What About BPM?

For years we had been bugged about BPM and process modeling, what the heck is process modeling?

According to Wikipedia definition:

Business Process Modeling is the activity of representing processes of an enterprise, so that the current process may be analyzed or improved. BPM is typically performed by business analysts, who provide expertise in the modeling discipline; by subject matter experts, who have specialized knowledge of the processes being modeled; or more commonly by a team comprising both.

First of all, a process is a consecutive chain of enumerable tasks. When we say task, we mean any repeatable unit of work, which has a beginning and an end.

These tasks are connected in defined sequences and may contain business logic such as rules that defines the task outcome or result.

The Monolithic Approach

Programming paradigms aim to problem solving, hence when a programmer tackle one problem, his mind is set to write code in order to solve all possible scenarios with that domain in mind. What if the problem changes in the future, or the scenarios multiply in time?

The natural response is doing constant maintenance of the written programs and multiply/refactor the lines of code to solve all new possible scenarios. That's what we call the Monolithic Approach: one problem at the time, one program at the time.

Consider this new "mobile app world" for an instant; Say you have to wake up early, then you have the Alarm app! Now say you like to cook and want all recipes in one place, then you have the Notes app, and so on, ad infinitum ad nauseam.

Now imagine applying this approach in a thousand-people company, settled in several countries with operations around the planet. That's madness and simply a poor strategy.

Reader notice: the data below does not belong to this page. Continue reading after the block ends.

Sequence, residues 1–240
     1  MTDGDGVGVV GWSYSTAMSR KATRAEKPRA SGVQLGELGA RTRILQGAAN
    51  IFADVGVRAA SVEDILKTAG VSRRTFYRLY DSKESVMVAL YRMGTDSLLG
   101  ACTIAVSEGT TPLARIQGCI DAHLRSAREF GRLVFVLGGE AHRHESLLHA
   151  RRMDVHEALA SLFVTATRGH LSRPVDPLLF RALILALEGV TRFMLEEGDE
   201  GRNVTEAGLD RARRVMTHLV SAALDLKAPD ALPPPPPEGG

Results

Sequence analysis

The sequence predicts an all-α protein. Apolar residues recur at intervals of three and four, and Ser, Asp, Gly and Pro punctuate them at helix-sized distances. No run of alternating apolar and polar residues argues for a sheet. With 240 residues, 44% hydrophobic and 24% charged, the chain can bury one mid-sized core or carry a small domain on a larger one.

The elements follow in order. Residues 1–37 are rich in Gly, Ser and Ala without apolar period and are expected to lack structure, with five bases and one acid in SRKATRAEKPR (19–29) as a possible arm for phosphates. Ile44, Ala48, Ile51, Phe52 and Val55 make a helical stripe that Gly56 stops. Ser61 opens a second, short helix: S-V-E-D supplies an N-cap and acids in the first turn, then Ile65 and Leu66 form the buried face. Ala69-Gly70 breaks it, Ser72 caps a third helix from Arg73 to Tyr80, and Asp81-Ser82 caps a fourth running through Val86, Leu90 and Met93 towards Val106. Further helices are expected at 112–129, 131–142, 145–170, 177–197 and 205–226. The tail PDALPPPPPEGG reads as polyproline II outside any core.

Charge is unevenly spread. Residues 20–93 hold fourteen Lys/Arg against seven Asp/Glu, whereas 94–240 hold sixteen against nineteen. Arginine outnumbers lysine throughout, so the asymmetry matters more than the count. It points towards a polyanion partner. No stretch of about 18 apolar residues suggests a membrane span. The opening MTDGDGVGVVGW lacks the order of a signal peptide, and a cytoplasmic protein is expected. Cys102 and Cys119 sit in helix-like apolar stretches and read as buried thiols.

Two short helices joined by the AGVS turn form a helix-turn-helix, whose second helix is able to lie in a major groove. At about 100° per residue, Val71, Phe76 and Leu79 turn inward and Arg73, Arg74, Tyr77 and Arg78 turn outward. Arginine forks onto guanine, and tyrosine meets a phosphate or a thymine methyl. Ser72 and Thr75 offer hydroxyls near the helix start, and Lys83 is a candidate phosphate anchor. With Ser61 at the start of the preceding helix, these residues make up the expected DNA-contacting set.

Enter the Power of the Process

Processes are designed to communicate and connect monolithic software between each other, applying horizontal rules beyond the programs' domain. Processes are meant to interconnect limitless black boxes, managing their input and output, recording time stamps between each other's execution and signaling them in predefined states.

One of the most popular notations for process modeling is BPMN2, defined as follows:

The Business Process Modeling Notation (BPMN) is a graphical notation that depicts the steps in a business process. BPMN depicts the end to end flow of a business process. The notation has been specifically designed to coordinate the sequence of processes and the messages that flow between different process participants in a related set of activities.

To give you a more precise idea about it, let me show you what a sample Process looks like:

Process Image


What Can You Do With a Process?

You can do a lot of things, for instance:

  • Connect Legacy Apps
  • Call Services (REST, WebServices, etc.)
  • Process Batch
  • Control Flows and Human Tasks
  • Compute SLAs for Tasks and Processes
  • Create Digital Trail for Tasks
  • Standardize UI between multiple Apps
  • Execute Rules (logical, decision tables, etc.)
  • ...

This list could be as long as your imagination. Basically you can do it all. Every activity is a sequence of tasks which can be described as a process.

It's a Commercial World

There are several world class BPM managers; I'm going to mention the most relevant (according to me): IBM BPM inherited from Lombardi, the Oracle BPM and the Red Hat BPM Suite.

These solutions are in the $80K to $350K price range, far from being a petty cash investment and all are hard to configure and expensive. Here is where Red Hat stands out. They released their solution under an open source license via the KIE group, so you can download the developer version and write your own code to customize it. You can also access their Github repo here.

One more for the road: you can create a cloud virtual machine with the BPM Suite in Red Hat OpenShift to try it for free.

Ariel Presa

Night owl. Free spirit. Computer geek. Film lover. Bedroom DJ. Spider hater. Sports enthusiast.

Buenos Aires

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